Science Fair Project Encyclopedia
The Boston fern (Nephrolepis exaltata) is a spreading plant is often grown in hanging baskets or similar conditions. The leaflets are in a clearly alternate pattern. The fonds of the fern may be three feet long and span six inches, each pinnae being about three inches. (Pinnae are the small "leaflets" on either side of the midrib) The pinnae are generally deltoid, as seen in the picture to the right. The pinnate vein pattern is also visible on these highly compound leafs. The edges appear slightly serrate.
Life cycle and hardiness
The Boston fern is a perennial in the USDA hardiness zones 9 through 11. Although the fern may appear totally dead due to frost, it will re-emerge in the spring. In general, the Boston Fern likes damp, but not soggy soil that is rich in nutrients. Of the common cultivated ferns, the Boston Fern is the most tolerant to drought. The fern thrives best in humid conditions, so when grown as a house plant it becomes necessary to mist the plant when relative humidity falls below around 80%. Although outdoors this plant prefers partial shade or full shade, inside it grows best in bright filtered light. This plant is usually propagated by division of the rooted runners, as the varieties will not come from true spores.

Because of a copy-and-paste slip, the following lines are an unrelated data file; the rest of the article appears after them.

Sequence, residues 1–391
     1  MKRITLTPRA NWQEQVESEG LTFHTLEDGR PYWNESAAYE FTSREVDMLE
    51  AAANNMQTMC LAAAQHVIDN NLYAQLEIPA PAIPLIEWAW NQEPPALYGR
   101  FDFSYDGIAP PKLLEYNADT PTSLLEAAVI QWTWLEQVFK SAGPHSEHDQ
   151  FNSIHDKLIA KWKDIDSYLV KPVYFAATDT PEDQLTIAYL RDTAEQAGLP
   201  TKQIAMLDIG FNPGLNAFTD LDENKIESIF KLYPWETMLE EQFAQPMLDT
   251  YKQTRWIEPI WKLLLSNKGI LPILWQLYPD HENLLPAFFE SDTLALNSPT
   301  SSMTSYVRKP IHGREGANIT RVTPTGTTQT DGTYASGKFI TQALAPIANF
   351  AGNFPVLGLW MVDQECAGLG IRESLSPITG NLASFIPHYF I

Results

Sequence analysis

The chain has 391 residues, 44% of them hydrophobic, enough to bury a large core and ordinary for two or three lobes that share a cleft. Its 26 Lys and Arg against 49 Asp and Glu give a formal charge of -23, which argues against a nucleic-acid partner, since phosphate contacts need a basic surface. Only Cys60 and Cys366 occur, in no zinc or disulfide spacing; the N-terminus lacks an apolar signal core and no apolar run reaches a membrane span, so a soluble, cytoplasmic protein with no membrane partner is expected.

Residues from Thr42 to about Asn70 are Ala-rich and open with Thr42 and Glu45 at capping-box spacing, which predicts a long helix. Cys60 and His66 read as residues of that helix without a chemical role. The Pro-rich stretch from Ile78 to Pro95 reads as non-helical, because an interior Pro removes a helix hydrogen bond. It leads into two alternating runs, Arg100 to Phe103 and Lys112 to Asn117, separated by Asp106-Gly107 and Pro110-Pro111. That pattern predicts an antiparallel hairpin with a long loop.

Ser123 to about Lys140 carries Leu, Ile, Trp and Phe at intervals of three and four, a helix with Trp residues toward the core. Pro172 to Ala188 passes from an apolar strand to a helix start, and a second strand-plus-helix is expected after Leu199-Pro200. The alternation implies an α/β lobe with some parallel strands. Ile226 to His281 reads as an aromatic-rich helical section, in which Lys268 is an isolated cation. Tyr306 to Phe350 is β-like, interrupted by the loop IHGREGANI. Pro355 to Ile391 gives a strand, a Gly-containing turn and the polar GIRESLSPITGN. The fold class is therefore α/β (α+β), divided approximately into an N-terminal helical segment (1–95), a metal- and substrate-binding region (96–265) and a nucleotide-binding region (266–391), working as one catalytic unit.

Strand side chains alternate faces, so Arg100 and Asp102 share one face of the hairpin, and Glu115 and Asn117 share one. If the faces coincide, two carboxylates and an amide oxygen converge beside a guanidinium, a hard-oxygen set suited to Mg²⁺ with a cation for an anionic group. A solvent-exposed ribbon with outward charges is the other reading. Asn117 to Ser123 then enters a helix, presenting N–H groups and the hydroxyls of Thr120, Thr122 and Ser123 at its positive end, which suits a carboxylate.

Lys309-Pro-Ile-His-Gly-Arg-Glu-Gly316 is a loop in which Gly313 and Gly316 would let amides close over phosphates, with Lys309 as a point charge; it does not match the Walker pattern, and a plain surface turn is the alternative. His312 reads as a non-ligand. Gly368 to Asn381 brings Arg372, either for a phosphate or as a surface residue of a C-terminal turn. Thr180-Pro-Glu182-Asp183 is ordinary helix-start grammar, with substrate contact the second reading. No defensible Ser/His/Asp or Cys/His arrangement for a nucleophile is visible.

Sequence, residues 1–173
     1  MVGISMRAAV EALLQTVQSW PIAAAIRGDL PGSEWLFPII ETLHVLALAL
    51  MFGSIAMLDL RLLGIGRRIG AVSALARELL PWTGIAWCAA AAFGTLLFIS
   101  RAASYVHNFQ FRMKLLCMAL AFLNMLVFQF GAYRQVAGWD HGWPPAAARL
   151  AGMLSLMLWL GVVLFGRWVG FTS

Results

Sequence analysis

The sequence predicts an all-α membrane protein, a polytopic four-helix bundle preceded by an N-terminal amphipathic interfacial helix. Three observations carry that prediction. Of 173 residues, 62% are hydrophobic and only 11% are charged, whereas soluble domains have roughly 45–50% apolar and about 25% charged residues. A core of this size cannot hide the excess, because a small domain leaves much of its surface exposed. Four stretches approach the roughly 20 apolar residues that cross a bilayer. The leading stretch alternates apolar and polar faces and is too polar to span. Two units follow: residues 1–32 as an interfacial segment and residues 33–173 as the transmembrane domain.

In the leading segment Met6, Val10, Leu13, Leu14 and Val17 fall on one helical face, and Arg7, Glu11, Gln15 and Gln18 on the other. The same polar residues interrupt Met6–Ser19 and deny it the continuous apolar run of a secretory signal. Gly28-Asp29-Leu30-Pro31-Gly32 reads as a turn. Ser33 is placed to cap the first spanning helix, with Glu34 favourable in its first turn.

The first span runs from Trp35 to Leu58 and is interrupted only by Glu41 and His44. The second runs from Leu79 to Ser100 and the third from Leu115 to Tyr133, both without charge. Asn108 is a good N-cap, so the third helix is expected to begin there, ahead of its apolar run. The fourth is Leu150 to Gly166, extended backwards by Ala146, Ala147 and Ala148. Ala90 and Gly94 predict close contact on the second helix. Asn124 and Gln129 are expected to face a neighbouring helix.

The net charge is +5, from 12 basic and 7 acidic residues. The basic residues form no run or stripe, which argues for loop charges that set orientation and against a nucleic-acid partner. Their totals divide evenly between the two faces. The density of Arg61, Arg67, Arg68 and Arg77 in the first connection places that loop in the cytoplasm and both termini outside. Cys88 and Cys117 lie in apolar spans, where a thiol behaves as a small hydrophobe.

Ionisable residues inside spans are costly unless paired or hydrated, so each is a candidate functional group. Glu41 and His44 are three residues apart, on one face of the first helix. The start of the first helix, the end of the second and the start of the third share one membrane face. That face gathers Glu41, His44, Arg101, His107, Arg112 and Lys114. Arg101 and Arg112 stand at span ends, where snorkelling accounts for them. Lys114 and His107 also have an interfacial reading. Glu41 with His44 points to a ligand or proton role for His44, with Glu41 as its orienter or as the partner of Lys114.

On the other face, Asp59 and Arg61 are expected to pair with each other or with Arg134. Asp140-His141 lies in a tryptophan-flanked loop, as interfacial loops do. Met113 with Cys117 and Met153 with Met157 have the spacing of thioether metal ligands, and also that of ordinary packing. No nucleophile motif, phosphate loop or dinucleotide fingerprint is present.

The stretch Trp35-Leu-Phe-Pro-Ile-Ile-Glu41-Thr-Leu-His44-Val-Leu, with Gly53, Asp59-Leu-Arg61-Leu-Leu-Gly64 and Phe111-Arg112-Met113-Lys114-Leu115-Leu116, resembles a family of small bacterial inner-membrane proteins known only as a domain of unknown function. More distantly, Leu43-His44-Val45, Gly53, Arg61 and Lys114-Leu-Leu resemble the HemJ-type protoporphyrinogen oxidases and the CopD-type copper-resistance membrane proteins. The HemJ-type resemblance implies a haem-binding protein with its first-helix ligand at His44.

It is a common in humid forests and swamps, especially in Florida, South America, Mexico, Central America, the West Indies, Polynesia and Africa. This is due to the wind carrying the spores. Some specific cultivars have established themselves in Florida.
The first fossil records of ferns date back to the early Carboniferous era. By the Triassic period, there is the first evidence of ferns related to several modern families. During the Cretaceous, many modern families of ferns first appeared.
- Phylum or Division: Pteridophyta (traditionally Filices )
- Class: Pteridopsida
- Subclass: Polypoditae
- Order: Davalliales
- Variety: Bostoniensis
*This variety of fern has been clasified under the Davalliaceae, Polypodiaceae, and Oleandraceae families by various authorities.
The contents of this article is licensed from www.wikipedia.org under the GNU Free Documentation License. Click here to see the transparent copy and copyright details